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    Despite Mounting Protests, DOTr to Push Through with PUV Modernization

    On Monday, June 19, the Department of Transportation (DOTr) announced the official launch of its program to modernize public utility vehicles and improve the quality of the mass transport sector in the country.






     

    According to the DOTr, PUVs in the country are outdated and pose a danger to the public. Among the changes that the program intends to implement include fairer traffic rules and regulations, safe and comfortable transport, disciplined and competent drivers, and predictable travel time.


    The DOTr will also push through with replacing transport units that have been operating for 15 years or more with environmentally friendly vehicles, a move that has been met with great opposition and protests from various transport groups.



    New omnibus franchising guidelines


    The program also includes a new set of guidelines for the operation of public transport franchises. Under the new omnibus franchising guidelines (OFG), local government units must develop a ‘Local Transport Route Plan’ to manage traffic measures and services that must be implemented on traffic routes under their jurisdiction based on passenger demand and existing traffic infrastructure.


    The new OFG sets in motion the three-year rollout of the DOTr’s PUV modernization program. Along with the signing of the OFG, the DOTr also lifted the ban on the issuance of new franchises, which has been in effect since 2004. However, applications for new franchises will only be approved once the local governments finish submitting their Local Transport Route Plan to the Land Transportation Franchising and Regulatory Board (LTFRB).


    DOTr Secretary Arthur Tugade and Department of Interior and Local Government (DILG) acting chief Catalino Cuy signed the OFG in a ceremony yesterday at Camp Aguinaldo.



    Big changes in store


    The DOTr announced that big changes are in store for all PUVs, not just jeepneys. These changes include the requirement of more safety equipment in PUVs, the use of Euro 4 engines, curbside entry for UVs and Filcabs, and easier access for persons with disability (PWDs). Additional proposals include requiring PUVs to have closed-circuit television (CCTV) cameras, speed limiters, dashcams, satellite navigation system, Wi-Fi, and Automatic Fare Collection System (AFCS).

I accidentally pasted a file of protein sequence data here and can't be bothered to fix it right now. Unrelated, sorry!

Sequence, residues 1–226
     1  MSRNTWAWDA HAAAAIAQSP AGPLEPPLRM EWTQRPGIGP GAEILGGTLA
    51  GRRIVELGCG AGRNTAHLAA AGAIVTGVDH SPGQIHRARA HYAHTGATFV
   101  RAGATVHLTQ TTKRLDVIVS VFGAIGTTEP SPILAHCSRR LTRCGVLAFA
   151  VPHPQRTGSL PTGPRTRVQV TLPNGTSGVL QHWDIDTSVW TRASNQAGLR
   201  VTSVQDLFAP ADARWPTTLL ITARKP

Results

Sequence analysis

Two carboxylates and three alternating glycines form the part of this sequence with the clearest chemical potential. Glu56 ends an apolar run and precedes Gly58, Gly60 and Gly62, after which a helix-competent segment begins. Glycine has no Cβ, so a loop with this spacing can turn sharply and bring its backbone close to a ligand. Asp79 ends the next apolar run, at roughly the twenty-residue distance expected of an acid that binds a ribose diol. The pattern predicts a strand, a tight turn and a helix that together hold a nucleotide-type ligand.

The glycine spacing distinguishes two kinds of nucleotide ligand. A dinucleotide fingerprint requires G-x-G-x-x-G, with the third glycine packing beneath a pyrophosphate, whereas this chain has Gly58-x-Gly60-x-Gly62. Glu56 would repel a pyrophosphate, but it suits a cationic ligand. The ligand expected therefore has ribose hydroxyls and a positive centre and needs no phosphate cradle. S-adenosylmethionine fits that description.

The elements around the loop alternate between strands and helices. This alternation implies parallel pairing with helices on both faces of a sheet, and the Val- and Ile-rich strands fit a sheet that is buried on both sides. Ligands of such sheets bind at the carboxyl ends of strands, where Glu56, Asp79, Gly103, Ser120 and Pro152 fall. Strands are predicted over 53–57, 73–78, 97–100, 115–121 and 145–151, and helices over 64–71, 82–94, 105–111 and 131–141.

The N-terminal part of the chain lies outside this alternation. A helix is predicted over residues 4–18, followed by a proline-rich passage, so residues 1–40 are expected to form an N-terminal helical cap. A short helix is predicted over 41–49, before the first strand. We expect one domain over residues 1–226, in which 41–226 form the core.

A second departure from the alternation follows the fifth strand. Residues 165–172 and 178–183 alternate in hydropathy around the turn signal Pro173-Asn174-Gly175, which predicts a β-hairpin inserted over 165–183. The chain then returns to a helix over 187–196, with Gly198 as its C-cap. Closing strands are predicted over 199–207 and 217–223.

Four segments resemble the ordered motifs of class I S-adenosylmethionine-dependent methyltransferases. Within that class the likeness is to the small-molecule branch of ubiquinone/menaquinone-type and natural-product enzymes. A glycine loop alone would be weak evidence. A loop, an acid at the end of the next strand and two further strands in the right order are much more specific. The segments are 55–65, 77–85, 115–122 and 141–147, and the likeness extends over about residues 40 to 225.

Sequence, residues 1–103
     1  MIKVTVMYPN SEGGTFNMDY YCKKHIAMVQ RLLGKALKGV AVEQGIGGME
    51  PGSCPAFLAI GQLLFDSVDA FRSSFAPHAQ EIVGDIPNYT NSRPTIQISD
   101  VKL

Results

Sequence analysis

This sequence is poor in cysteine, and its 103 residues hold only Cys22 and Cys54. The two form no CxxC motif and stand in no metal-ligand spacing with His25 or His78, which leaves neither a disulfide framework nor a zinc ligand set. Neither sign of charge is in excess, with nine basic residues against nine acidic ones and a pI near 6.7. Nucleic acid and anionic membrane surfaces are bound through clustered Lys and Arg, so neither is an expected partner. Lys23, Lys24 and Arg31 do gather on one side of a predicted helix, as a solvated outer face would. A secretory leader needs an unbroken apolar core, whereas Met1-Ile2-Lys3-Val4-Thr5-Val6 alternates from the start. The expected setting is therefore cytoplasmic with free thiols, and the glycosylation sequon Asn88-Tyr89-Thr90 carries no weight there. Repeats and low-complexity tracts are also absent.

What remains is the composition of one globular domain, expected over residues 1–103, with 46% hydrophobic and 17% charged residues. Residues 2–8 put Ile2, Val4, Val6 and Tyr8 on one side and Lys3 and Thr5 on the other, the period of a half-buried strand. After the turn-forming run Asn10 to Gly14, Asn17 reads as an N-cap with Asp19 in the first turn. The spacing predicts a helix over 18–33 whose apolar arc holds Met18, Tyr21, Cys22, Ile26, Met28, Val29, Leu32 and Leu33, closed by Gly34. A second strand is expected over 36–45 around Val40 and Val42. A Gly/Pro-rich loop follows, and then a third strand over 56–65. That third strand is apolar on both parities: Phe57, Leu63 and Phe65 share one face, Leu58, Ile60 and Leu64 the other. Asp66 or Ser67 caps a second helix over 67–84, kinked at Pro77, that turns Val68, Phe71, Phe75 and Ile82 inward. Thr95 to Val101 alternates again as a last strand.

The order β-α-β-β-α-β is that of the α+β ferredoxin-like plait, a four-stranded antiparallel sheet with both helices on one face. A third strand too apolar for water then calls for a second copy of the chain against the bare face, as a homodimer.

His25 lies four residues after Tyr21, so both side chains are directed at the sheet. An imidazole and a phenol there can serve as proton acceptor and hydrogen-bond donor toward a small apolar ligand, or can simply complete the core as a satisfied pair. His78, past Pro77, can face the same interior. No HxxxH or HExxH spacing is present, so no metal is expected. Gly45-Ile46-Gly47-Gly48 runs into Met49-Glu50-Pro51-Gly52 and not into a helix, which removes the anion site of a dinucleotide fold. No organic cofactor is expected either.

LTFRB chair Martin Delgra III said that they plan to work closely with local governments to build their Local Transport Route Plan to ensure these are based on current and estimated travel patterns while taking into consideration inter-modality and interconnection.


    The PUV modernization program will also treat drivers as employees with regular salaries and benefits. DOTr hopes the move will eliminate much of the traffic problems caused by the current ‘boundary system’ practiced by jeepney operators, causing drivers to compete over passengers and violate traffic rules and organizations to maximize profit.


    As government employees, PUV driver’s will be required to undergo training and capacity-building programs to develop and deepen their knowledge and understanding of traffic rules.



    Replacement of jeepneys 15 years old and above



    Last month, the DOTr—in coordination with different government agencies such as the Department of Finance (DOF) and Department of Trade and Industry (DTI)—approved a P1 billion loan program that aims to provide jeepney drivers and operators easy access to credit and help them modernize their vehicles faster.


    The loan program is estimated to finance the replacement of an initial 650 traditional jeepneys with modern units, at a cost of about P1.4 million to P1.6 million per unit.


    Coinciding with the announcement, transport groups PISTON and No to Jeepney Phaseout Coalition (NJPC) held a prayer vigil and protest caravan in front of the LTFRB in an attempt to defer the implementation of the PUV modernization program.

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